Alaska SCT Recognizes Inherent Authority of Tribal Court to Enforce Child Support Orders Against Non-Member Parents

From Justice Fabe’s opinion:

This case, in contrast, requires that we decide whether tribal courts’ inherent, non-territorial subject matter jurisdiction does in fact extend to the adjudication of the child support rights and obligations of nonmember parents of children who are members or eligible for membership. We hold that because tribes’ inherent authority over child support stems from their power over family law matters concerning the welfare of Indian children — an area of law that is integral to tribal self-governance — the basis and limits of that authority are tied to the child rather than the parent.

Two Justices joined in a separate concurring opinion, which reads more like a dissent:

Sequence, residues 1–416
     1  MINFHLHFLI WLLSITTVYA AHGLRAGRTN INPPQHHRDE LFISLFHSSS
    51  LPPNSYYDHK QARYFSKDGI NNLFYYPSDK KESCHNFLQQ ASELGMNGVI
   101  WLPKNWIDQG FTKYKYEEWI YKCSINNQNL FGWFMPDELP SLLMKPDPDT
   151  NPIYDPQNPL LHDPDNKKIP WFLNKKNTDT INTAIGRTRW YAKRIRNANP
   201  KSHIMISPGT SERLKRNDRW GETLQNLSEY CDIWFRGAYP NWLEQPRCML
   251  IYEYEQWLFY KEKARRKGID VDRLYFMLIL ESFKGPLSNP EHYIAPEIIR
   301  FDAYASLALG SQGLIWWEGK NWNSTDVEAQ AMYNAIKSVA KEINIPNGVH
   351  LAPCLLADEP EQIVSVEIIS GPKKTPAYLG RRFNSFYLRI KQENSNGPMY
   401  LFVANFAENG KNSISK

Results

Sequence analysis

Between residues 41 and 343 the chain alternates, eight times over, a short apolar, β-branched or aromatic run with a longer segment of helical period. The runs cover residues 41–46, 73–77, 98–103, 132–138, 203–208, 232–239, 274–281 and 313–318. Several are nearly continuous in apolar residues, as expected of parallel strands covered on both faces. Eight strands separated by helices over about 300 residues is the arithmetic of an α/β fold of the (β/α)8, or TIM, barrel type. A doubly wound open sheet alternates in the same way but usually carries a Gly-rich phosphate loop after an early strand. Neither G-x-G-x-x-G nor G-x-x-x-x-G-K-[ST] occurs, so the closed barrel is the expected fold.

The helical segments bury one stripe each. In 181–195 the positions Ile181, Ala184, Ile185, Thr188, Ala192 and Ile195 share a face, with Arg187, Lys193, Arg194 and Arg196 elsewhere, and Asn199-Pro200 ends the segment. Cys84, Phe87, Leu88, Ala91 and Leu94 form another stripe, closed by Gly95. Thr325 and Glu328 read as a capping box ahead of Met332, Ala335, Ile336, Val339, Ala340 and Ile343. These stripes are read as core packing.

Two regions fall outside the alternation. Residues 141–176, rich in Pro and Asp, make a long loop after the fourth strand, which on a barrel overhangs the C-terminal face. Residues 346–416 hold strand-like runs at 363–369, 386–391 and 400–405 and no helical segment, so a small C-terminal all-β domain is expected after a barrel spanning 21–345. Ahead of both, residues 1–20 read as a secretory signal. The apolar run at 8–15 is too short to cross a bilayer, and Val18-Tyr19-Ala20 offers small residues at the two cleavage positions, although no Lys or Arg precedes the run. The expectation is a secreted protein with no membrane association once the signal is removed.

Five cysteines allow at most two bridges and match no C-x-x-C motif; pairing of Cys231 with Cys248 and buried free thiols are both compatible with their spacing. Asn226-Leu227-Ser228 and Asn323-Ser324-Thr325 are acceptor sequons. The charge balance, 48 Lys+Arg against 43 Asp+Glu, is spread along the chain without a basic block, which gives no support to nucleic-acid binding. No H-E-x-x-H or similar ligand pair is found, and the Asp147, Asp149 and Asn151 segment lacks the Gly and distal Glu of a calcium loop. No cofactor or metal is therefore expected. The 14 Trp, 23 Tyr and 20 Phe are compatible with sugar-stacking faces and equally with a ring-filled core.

Today the court affirms those legal rulings and the associated injunctive relief, and I join that part of its decision. But the court unnecessarily moves further and reaches out to provide an advisory opinion on yet another legal issue: whether a tribal court with non-territorial based inherent sovereign authority to adjudicate matters involving tribal children necessarily has adjudicatory authority (subject to some unstated personal jurisdiction limitations) over non-tribal-member parents. This issue is not necessary to the decision before us, there is no specific controversy in this case necessitating a decision on the issue, there is no party in this case truly advocating for the interests of non-member parents on the issue, and neither the Tribe nor the United States considered the issue worthy of significant briefing; I therefore do not join the court’s advisory opinion.

Opinion is here.

Briefs here.